He had better luck with some of the land companies that actually own the property. He plans to search three more sites this fall, including 210 acres in Raleigh County that are to be logged.
Myles, 39, is originally from Daniels, in Raleigh County.
"I ginsenged for a long time, as a lot of people around here have to do to supplement their incomes," he said.
As he pursued his degree, he turned his interest in medicinal plants toward research - specifically, whether changes in goldenseal's environment hurt it or weaken its medicinal quality.
Preliminary results show that they do. For example, if you cut down the trees that shade a stand of goldenseal, the extra sunlight will throw the levels of two medicinal alkaloids in the plant out of whack, reducing its value.
That is, if the plant survives at all.
"If you take a woodland plant that's thriving in shade, and cut the timber off of it, it completely changes its habitat," Myles said. "It gets burnt. That kills it off early. It doesn't get a chance to store the amount of energy it needs for overwintering."
Myles noted the changes in a report he wrote on the project.
"I have now seen firsthand how fast the habitat, populations of plants, and entire ecosystems can be destroyed," he wrote.
"One natural population of goldenseal that I observed in a healthy forest in August 2003 is now extinct, and the forest is a desolate mountain, stripped of its trees and wildlife for a coal mine operation."
Goldenseal on protected lists in 9 states, but not in W.Va.
The Indians used goldenseal for sore throats. White settlers used it to cure pinkeye. Myles tells of a local woman who drank goldenseal tea to treat her gum disease. It worked, because berberine - one of the alkaloids in goldenseal that Myles was studying - is an antibiotic.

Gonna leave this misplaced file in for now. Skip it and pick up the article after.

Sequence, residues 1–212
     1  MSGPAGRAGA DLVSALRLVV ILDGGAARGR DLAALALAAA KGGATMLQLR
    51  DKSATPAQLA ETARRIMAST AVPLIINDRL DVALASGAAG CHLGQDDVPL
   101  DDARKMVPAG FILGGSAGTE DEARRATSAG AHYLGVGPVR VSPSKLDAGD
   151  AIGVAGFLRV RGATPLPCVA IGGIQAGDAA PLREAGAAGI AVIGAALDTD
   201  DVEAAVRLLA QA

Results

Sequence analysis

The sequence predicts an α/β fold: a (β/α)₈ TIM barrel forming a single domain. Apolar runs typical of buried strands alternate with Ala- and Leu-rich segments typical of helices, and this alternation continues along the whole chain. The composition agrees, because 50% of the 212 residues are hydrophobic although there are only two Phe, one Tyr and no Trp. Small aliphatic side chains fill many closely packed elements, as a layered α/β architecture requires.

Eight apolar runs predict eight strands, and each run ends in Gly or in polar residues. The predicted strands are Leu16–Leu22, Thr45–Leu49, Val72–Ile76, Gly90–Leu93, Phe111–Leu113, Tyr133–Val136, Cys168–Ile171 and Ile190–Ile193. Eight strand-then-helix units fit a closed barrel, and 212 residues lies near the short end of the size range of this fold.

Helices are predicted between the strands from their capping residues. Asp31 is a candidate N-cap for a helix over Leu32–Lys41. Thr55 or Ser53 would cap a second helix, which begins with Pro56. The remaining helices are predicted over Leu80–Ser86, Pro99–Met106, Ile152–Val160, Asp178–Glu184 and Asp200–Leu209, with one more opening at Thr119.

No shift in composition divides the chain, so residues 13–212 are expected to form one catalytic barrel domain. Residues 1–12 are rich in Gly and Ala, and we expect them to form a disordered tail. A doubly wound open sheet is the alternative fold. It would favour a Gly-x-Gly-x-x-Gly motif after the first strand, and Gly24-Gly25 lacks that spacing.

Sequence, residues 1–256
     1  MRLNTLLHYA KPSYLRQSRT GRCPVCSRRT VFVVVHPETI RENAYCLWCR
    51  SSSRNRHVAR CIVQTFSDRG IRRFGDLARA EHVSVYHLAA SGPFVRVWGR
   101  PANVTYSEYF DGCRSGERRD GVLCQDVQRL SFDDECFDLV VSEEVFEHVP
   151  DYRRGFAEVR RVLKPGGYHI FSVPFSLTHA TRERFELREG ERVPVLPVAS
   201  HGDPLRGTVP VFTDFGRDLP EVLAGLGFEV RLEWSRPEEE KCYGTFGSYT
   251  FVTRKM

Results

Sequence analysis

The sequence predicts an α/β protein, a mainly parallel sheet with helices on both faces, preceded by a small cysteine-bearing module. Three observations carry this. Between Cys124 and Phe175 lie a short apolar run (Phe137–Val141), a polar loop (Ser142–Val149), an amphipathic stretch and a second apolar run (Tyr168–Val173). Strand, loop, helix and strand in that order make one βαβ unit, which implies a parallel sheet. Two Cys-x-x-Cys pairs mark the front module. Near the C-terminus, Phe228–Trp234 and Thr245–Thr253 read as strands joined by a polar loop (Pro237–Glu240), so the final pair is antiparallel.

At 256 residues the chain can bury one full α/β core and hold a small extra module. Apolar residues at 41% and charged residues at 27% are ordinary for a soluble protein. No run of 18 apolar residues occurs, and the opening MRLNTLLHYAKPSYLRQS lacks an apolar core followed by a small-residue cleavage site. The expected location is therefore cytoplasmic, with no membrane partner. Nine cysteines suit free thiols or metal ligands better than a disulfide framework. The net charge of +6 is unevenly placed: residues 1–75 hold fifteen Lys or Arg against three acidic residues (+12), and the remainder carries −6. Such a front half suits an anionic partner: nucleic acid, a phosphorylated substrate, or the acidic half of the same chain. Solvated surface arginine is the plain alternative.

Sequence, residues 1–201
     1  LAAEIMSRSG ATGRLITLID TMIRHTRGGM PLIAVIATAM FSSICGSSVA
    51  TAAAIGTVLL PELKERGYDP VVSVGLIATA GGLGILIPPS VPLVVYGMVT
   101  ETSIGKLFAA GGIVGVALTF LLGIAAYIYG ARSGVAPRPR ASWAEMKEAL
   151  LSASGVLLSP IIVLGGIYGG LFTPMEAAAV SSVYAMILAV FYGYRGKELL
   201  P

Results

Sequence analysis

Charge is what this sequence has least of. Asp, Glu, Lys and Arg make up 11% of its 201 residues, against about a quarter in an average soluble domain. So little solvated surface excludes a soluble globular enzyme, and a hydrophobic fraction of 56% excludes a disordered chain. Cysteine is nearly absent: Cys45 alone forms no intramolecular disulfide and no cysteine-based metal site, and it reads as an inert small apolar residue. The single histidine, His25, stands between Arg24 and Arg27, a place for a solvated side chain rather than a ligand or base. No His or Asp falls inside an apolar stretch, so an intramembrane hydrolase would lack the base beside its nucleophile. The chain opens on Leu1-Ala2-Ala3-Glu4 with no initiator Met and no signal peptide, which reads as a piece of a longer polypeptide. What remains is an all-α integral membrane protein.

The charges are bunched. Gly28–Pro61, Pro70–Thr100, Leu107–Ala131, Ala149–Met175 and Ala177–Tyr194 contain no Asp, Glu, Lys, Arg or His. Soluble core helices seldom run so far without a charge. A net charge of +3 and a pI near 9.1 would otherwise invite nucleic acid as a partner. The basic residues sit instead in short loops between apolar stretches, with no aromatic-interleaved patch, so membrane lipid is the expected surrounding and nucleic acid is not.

But that's not why the price of a pound of dried goldenseal root leaped from $8 to $100 in the 1990s. Word had gotten around that you could fool a drug urinalysis by taking goldenseal beforehand, a myth that was disproved by a National Institutes of Health study in 1998.
Goldenseal's popularity remains high, however. It sells for about $66 a pound on the world market ($17 locally). Because a mature plant yields a root that weighs maybe a tenth of an ounce soaking wet, overharvesting is a danger.
Goldenseal, along with ginseng, is listed in Appendix II of the Convention of International Trade in Endangered Species of Wild Fauna and Flora, which regulates international trade of such plants. In 1997, the World Wildlife Fund named goldenseal as one of the 10 most threatened species in international trade.
Goldenseal grows only in the northeastern quarter of the United States, and usually only in thin groups in very specific microclimates (at the head of an ephemeral stream on a north- or east-facing slope with rich soil that remains constantly moist and is shaded by large deciduous trees).
Nine states consider goldenseal endangered or threatened, but not West Virginia.
"I don't think the state will ever put ginseng or goldenseal on the endangered species list because of coal mining," Myles said. "Nobody wants to stop the production of coal."
To contact staff writer Tara Tuckwiller, use e-mail or call 348-5189.